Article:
The good news is, he should be good to go next season in teal. He went through a successful surgery on his groin. He’s already started rehab and was seen on crutches at a Golden State Warriors NBA Finals game. He seems to really enjoy Warriors games, maybe that helped convince him to stay in the Bay.
Career Summary (via HockeyViz)
The two-time Norris Trophy winner spent his entire career with the Ottawa Senators before coming to San Jose amidst some highly publicized drama. He was clearly unhappy with his former club, but really shined there. He had two seasons with more than 70 points there, making his mark as an elite offensive defensemen. Clearly, he is an important player in the NHL and the Sharks were happy to acquire him.
This season he put up three goals and 42 assists. He averaged about 25 minutes on the ice each night. As the playoffs came, it was clear he was struggling with his injury. He failed to find the back of the net for awhile, though he assisted on several goals. He ended up scoring two goals in the ‘yoffs, including that infamous hand pass goal St. Louis Blues Twitter will not stop talking about even though they won the cup. He put up 13 assists in 16 games.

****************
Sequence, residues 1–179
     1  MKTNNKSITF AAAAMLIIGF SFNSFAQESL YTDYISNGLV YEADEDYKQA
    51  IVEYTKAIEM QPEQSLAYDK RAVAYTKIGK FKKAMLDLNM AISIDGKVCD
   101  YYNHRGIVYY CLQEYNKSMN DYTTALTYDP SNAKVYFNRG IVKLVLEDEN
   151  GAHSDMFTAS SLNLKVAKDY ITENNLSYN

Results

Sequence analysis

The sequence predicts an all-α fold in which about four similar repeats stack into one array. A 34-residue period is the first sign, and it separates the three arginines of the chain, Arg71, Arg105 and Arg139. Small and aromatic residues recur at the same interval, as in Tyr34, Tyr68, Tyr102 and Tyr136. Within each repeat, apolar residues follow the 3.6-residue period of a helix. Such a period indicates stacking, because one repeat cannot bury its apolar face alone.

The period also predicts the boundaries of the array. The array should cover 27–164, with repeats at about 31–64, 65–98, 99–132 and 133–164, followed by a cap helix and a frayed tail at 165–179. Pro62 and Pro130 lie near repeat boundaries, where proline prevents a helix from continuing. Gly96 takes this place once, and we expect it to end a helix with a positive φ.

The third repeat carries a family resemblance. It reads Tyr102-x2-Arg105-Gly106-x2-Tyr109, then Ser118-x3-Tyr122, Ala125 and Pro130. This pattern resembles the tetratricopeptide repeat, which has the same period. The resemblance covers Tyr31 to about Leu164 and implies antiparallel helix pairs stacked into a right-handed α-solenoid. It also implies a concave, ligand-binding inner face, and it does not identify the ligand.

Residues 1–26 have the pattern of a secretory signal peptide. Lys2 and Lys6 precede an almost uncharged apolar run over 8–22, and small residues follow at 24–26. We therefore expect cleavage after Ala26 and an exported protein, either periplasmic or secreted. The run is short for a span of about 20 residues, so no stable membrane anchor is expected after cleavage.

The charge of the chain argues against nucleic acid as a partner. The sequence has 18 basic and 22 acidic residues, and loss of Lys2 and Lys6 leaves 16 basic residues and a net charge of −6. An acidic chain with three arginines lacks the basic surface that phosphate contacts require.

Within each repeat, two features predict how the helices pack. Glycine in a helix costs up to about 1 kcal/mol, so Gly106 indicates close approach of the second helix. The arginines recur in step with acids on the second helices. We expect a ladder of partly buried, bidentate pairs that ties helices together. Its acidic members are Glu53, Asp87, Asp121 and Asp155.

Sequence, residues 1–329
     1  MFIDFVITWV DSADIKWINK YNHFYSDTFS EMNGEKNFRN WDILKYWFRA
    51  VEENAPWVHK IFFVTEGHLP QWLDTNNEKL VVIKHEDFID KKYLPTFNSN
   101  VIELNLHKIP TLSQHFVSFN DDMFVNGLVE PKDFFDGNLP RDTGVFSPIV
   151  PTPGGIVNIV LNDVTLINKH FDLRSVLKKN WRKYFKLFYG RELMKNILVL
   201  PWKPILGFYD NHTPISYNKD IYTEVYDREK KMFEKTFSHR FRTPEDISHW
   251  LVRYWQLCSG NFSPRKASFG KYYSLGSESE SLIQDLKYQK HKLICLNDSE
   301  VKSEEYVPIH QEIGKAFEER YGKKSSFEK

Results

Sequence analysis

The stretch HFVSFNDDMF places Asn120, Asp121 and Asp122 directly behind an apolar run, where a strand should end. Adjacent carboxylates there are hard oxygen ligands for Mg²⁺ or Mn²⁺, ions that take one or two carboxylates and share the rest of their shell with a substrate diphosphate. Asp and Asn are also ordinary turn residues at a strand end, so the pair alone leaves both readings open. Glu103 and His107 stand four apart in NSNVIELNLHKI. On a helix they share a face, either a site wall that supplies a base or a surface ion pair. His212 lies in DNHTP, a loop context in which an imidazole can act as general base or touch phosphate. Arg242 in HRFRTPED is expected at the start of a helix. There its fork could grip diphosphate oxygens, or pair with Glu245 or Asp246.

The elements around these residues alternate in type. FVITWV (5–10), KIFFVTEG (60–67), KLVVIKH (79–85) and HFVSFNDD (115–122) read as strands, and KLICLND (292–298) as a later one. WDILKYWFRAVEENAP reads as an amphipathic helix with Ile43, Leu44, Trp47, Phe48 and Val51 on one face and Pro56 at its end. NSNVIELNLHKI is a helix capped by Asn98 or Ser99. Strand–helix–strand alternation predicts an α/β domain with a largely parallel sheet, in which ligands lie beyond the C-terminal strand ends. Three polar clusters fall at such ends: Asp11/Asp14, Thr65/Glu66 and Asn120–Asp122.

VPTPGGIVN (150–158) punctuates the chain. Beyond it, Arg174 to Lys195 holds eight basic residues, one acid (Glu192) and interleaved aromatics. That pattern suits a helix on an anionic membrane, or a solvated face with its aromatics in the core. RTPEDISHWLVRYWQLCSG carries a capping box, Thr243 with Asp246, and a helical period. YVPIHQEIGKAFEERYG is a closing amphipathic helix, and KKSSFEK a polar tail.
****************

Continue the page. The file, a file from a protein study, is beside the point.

He didn’t have a 70+ points season and he won’t see a Norris Trophy nomination after his time with the Sharks this season, but he aided the Sharks when they needed him. He put up 45 points in only 53 games. He got a slow start producing, not finding the back of the net in San Jose until November, but he made up with assists. Sharks fans were a bit hard on him, but after realizing the extent of his injury, it’s clear why he didn’t produce the way we are used to seeing him. I would love to see him healthy in teal next year.